For ten years Ryan Stadler had a job he didn’t love. Despite having grown up around artists and earning an art degree himself, he was advised that there was no money in the arts so he steered clear. Then he turned thirty. With a wife, a growing family, and a midlife crisis, Ryan’s dreams were filled with the desire to create instead of to acquire new cars and bigger houses.
Ryan left his job as a Master Painter and woodworker and picked up a camera, every camera. These days, he is a successful artist and truth seeker in the form of a documentarian photographer.
“Since that crisis or awakening or whatever you wanna call it, I’ve been learning and growing and striving. I’m not really sure of my destination, but I just want to capture the journey in an honest and captivating way.” – Ryan Stadler
“I’m striving to live my whole life with a camera at my side (be it an iPhone, 35mm film camera, polaroid, or the latest and greatest digital) taking photos of whatever inspires me or crosses my path. If friends or clients have me along for even a brief part of their lives, I want to document it, too.” – Ryan Stadler
“I desire to observe not dictate. I don’t want to inject too much of myself into who or what I’m photographing because I fear it will take away some of the authenticity of it. I hope my clients barely notice me, to be honest. I hope they wonder if I even took any good photos and upon receiving them are amazed at how real and matter of fact they seem.” -Ryan Stadler
This intimate family session features Ryan’s longtime friends, the Doris. Roee and Gretchen Dori met in New York City and started a small home furnishing business together. Eventually juggling business and children turned into a challenge solved by moving close to Gretchen’s family outside of Minneapolis. Roee settled into work as a wedding photographer where he worked with Ryan for several years. Recently, Gretchen received a job offer in Sweden which was closer to Roee’s family in his native Israel. Before the big overseas move, Gretchen and Roee asked Ryan to document their midwestern life.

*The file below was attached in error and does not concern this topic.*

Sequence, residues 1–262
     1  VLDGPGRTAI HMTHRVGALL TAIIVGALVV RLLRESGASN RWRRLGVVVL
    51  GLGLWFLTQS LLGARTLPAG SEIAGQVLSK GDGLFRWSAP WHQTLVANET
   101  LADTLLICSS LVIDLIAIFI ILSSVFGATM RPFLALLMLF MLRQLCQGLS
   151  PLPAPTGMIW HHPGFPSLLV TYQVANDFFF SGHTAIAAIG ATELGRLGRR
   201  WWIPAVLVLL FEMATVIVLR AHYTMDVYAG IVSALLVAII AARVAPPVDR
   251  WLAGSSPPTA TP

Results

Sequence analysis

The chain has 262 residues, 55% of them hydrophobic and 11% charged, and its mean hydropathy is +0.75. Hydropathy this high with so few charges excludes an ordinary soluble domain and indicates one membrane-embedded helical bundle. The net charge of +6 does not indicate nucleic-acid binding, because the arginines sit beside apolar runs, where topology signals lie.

Roee described the collection of images by Ryan as “exceptional” and “a treasured memoir from our life at that time.” Certainly, Ryan captured the details of their home, neighborhood and connections with the keen eye of an engaged and sensitive onlooker.
While Ryan has established a new career as an artist, he is also running a business that puts food on the table for his family of five. He knows what he likes to shoot but he doesn’t let that get in the way of listening to what his clients want. Sometimes they want that shot for the grandparents or the holiday card and Ryan has embraced the opportunity to challenge himself to meet his client’s needs. He has come to understand that there are “great photos to be made in the midst of these requests”. He embraces these opportunities to master another aspect of his craft.
“Putting work out there you want to keep doing is really important on the front end. Having a good conversation with clients ahead of time helps set the right expectations…help them see and get excited to be themselves during your session. Being accommodating during the session and feeling the freedom and challenge to create in a new way will help serve your clients and get you more work in the future.” – Ryan Stadler
Ryan Stadler took the risk to follow his heart and make a career of it. Don’t we all wish we were so bold? Now he’s free to create and deliver these unvarnished and down-to-earth memories for the rest of us. It’s a win-win.
Ryan and his people by Ash Imagery